"She takes away a great skill, a practical skill, with her, and an enormous loss of innocence. And whether or not one is compensation for the other, I don't know. I don't think it is. I think it is just the way life is."
Tom Wilkinson ("The Full Monty," "Wilde") takes the role of Charles Cavendish, the gentleman scientist whose cool obsession with order is overthrown by his love for Rosina. He was drawn to "The Governess," he says, because "It's a simple story, but the detailed way in which it turns over is unique in my experience. You want to know what happens next, there are really interesting characters and it has a real, modern feel to it." Cavendish he understood immediately, although he rejects "the myth of the repressed Englishman, an idea which started in the second half of the 19th Century... It's just that Cavendish is like that. He's a control freak who wants things in their places with labels on. There were a lot of those gentlemen inventors about at his time, with prodigious energy."
The filmmakers hope to overturn people's expectations of British period film. "It isn't picturesque," Driver declares, "because what's going on isn't picturesque. It's a time observed as it was, but they haven't been anal about making it beautiful and losing the reality. It's as real as now."
"I wanted it to be quite strange and hard and odd," says Goldbacher, "to create these two different worlds: the exotic, labyrinthine almost subterranean world of the Sephardic Jewish quarter that is almost underneath London, and the gentile world as Rosina first sees it, which is harsh and cold, bleak and disturbing. Hopefully all the visuals have emotional connections."
Production designer Sarah Greenwood says, "We wanted it to look like life as it would have been, a reality that's believable. I think sometimes we have a very sanitized vision of what a period looks like, very quaint, very pretty. This is not conventional period material where you do a thousand and one drawing rooms. It was one of the most visual scripts I've ever read, so evocative that what it should look like immediately came to mind."
Director of Photography Ashley Rowe also found inspiration in early photography. "Early photographs were all taken with soft, natural daylight, so I've tried to simulate that kind of look and keep true to that style. Photographically this film had so much to offer. The light on the Isle of Arran was spectacular; the main problem was trying to control the weather, which is something all British D.P.'s get used to and learn to cope with. We planned a look for the film which equates with the emotional contrasts, starting off in London with rich, warm lighting and a color palette with deep reds. When Rosina arrives in Scotland the first image is bleached out and bleak and cold. In Cavendish's workroom I've tried to simulate the soft, North light early photographers got with the skylight. A lot of the key interiors are scenes at night, so we used a lot of candlelight."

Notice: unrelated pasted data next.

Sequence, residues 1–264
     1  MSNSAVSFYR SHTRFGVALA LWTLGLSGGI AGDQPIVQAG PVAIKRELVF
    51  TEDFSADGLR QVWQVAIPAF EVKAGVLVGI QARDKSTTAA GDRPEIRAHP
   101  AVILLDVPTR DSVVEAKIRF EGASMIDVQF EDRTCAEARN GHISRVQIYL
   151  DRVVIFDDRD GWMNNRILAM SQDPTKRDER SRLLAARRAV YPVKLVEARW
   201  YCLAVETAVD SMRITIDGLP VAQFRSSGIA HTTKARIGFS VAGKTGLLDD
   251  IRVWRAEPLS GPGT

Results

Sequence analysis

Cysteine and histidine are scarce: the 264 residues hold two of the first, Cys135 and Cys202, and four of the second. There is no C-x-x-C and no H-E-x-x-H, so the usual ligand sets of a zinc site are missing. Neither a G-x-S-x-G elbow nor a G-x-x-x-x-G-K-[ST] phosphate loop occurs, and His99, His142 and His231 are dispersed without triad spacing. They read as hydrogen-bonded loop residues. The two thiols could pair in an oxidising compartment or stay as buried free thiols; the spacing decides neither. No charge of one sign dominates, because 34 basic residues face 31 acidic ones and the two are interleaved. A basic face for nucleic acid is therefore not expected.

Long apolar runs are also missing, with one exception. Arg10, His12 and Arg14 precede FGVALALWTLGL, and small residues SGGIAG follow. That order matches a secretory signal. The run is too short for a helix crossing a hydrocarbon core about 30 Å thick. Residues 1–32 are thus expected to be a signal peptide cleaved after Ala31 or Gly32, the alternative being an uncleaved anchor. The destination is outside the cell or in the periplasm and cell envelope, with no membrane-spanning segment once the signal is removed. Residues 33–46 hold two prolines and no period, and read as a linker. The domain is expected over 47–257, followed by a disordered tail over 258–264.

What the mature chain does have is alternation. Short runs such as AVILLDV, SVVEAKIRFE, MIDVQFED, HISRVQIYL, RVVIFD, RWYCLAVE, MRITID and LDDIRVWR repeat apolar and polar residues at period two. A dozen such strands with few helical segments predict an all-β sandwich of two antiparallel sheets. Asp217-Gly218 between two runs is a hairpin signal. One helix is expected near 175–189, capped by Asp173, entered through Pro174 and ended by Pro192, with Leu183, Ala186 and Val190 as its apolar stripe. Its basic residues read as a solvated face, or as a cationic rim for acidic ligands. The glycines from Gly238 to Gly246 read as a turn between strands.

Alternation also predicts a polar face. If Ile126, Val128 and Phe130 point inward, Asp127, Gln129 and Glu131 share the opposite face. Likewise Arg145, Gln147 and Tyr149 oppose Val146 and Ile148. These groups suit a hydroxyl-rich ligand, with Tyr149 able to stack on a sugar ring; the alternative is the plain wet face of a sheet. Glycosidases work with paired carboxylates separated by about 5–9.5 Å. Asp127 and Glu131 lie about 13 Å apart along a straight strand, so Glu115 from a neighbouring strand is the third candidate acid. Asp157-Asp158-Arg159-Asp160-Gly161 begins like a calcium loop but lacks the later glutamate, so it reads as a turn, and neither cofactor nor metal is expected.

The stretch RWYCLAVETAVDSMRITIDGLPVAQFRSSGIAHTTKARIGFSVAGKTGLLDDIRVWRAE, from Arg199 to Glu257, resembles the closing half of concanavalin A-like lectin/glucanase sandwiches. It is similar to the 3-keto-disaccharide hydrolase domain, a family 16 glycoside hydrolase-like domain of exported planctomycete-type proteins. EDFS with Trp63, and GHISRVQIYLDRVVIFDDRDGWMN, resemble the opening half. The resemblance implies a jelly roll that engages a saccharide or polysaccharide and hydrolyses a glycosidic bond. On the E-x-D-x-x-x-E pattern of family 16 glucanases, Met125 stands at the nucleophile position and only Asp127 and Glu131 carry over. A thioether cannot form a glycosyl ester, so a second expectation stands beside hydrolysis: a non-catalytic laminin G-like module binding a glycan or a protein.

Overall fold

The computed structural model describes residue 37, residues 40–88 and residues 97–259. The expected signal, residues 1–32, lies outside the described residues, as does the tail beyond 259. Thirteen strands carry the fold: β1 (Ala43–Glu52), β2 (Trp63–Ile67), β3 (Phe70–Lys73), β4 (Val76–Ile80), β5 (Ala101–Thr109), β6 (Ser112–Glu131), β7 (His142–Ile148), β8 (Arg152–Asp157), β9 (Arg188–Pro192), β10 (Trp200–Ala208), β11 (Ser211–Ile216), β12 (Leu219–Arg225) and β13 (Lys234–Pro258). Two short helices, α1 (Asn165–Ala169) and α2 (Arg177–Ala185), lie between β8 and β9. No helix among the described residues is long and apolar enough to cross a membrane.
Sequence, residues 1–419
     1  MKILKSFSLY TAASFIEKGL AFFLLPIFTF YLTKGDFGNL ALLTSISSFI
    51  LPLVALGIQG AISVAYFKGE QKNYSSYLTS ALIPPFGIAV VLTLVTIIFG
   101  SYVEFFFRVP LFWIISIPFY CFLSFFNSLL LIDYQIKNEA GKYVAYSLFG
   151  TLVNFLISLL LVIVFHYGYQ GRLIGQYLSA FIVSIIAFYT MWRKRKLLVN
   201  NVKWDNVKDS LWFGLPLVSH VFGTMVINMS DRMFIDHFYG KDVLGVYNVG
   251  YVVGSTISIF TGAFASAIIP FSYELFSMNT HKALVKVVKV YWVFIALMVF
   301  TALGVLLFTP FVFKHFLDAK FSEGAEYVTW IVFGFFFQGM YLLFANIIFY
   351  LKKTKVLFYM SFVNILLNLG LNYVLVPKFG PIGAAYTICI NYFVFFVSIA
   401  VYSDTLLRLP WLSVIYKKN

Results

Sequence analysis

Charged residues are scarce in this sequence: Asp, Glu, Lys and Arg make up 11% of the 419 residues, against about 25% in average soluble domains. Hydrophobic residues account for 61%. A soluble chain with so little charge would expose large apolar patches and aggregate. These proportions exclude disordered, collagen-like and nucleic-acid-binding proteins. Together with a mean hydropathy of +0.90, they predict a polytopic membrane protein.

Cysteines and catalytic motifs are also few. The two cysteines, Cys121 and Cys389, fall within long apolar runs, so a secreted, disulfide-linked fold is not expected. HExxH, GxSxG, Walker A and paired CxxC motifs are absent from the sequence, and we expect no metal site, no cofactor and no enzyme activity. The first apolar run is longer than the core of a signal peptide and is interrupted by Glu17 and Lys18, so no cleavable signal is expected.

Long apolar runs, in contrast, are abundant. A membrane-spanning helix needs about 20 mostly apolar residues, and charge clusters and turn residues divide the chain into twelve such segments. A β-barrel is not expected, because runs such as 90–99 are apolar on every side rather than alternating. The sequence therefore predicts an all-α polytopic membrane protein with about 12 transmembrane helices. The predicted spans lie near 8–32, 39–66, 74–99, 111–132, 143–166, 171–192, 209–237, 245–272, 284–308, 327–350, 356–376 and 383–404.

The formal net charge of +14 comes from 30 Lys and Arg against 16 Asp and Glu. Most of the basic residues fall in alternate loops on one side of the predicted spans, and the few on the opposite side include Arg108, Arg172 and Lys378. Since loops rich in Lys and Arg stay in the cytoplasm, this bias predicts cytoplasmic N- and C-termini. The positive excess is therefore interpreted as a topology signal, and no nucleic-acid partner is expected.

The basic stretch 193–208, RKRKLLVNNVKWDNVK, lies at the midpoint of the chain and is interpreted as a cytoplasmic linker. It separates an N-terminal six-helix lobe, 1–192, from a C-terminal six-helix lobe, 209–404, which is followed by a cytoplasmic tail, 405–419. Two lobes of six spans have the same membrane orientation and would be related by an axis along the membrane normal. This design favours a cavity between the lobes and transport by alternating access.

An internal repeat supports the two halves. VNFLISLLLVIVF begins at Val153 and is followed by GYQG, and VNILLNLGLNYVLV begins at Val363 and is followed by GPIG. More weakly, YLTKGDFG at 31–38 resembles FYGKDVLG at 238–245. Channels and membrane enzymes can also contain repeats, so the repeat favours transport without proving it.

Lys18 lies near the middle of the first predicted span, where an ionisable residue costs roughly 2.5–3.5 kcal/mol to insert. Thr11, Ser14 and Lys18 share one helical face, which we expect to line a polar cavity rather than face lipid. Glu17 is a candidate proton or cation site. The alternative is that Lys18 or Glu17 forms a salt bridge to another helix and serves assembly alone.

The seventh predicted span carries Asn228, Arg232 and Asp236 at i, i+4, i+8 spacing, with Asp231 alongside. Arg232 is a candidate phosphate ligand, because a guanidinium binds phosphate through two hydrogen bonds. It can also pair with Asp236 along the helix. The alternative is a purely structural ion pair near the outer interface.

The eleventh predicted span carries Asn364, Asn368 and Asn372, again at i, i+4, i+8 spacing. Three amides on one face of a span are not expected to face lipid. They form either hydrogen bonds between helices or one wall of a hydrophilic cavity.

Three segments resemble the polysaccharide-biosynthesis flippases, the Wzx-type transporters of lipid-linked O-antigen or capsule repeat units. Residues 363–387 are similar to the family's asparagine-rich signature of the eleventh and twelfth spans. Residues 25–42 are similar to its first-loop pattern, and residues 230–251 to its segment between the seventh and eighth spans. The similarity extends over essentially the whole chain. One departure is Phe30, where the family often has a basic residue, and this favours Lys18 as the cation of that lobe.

Another interest to Goldbacher was to deal with the romantic cliché of the governess and the employer and rework it, making it contemporary. "I'm not interested in period or costume drama for its own sake, but the idea of the governess was a very potent figure in the 19th Century. It was the only way you could present a strong central female character who could go out into the world. There was no other way women could -- you were either a prostitute or a governess."
"We're going into a period world which is alien to people watching anyway," Driver observes, "but to see how diverse that world was within itself is fascinating. And passion against austerity is a great combination."
Principal photography on "The Governess" began in July, 1997 on the Isle of Arran in Scotland, where Brodick Castle became the Cavendish home. This was the first time the National Trust of Scotland has permitted a film unit to use the castle.
In England, Pinewood Studios housed the production for some interiors, notably the replication of Charles' specimen-crammed studio, and handsome locations included Wrotham Park, home of the Byng family for generations, Thame Park and Hampton Court House. The streets of London's 19th Century East End were recreated in the courtyards of historic Somerset House in central London.